Feb 16, 2011 @ 10:54 am

Avalanche Warning for February 16, 2011

The avalanche danger is HIGH on wind-loaded terrain steeper than 30 degrees. Natural avalanches are likely and human-triggered avalanches are very likely. Large avalanches are possible wherever wind slabs have formed at elevations above 5000 feet in the central and northern Bitterroot mountains and above 6000 feet in the Rattlesnake and southern Swan and Mission mountains north of Missoula.

Hello! This is Steve Karkanen with a special update to the West Central Montana Avalanche Center’s backcountry avalanche advisory for Wednesday, February 16, 2011.

All other terrain above 5000 feet and steeper than 30 degrees has CONSIDERABLE avalanche danger. Natural avalanches are possible and human-triggered avalanches are likely.  Today is a good day to play on lower angle terrain or in the trees.

In the southern Bitterroot and on all other terrain above 5000 feet, the avalanche danger is MODERATE.  Natural avalanches are unlikely, human-triggered avalanche are possible. There are heightened avalanche conditions on some terrain features.

Weather and Snowpack Analysis

This special update to the avalanche danger is based on the heavy load of new snow and high winds we are experiencing today.

SNOTEL sites in the north half of the advisory area have picked up an inch or more of Snow Water Equivalent (SWE) the past few hours and it is expected to keep snowing through the evening. Lookout Pass ski area is reporting 23 inches of new snow the past 24 hours. High W-NW winds are present at the higher elevations and easily moving snow around. The Point Six RAWS station has been recording strong SW-W-NW winds for the past few days so expect leeward terrain to be heavily loaded.  Significant cross-loading can occur during this type of weather event and lower portions of a slope can also be heavily wind-loaded.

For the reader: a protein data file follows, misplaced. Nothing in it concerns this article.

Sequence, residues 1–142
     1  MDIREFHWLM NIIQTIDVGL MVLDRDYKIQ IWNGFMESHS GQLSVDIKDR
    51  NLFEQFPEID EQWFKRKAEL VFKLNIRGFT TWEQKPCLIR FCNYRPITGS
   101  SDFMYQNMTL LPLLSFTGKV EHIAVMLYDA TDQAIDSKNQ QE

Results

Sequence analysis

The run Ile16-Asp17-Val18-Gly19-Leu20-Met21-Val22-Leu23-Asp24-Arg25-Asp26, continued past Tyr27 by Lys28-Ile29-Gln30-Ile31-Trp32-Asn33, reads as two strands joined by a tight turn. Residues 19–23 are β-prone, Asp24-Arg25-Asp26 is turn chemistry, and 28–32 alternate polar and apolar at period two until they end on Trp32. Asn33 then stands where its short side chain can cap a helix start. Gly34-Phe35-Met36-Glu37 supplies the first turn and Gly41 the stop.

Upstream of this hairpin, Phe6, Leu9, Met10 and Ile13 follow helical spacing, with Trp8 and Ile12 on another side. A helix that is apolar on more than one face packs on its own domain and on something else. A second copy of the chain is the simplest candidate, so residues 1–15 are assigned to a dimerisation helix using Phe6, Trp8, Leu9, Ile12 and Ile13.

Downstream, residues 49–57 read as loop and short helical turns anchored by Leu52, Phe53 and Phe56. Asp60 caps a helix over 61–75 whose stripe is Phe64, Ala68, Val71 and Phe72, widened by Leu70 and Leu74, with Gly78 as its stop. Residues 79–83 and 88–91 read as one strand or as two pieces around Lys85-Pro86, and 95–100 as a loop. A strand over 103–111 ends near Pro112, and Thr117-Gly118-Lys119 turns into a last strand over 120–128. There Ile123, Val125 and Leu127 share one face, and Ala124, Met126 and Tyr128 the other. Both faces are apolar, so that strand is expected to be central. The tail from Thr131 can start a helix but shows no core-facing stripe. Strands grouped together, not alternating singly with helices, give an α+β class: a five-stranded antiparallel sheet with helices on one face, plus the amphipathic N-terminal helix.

In the Monday advisory Dudley described the concern with wind slabs that formed during high winds last weekend.  The current weather scenario has exacerbated this problem with more wind and a lot more new snow.  These wind slabs are going to be touchy for a few hours so we recommend staying away from them.  The snowpack needs a couple of days to adjust to this new load.

Weather Forecast and Avalanche Outlook

A winter storm warning is in effect until 4 pm this afternoon.  Periods of moderate to locally heavy snow with high winds are expected to continue through today.  10-15 inches is expected for the Lolo Pass area.

Expect avalanche conditions to remain HIGH for the next several hours until the snowpack has a chance to adjust to this new load.  We’ll be out poking around in several locations Thursday and I will issue an update on Friday morning.

If you do get out and see something you think is important to pass along, please send us a note at [email protected] or use our public observations web page.


This information is the sole responsibility of the Forest Service and does not apply to operating ski areas. The avalanche danger rating expires at midnight tonight but the information can help you make a more informed decision regarding travel in avalanche terrain for the next few days.

Our advisory area includes National Forest System lands in the Bitterroot Mountains from Lost Trail Pass north to Granite Pass, the Rattlesnake Mountains north of Missoula and the Southern Swan and Mission Mountains near Seeley Lake, MT. Avalanche information for the Lookout Pass/St. Regis Basin area is available from the Idaho Panhandle Avalanche Center.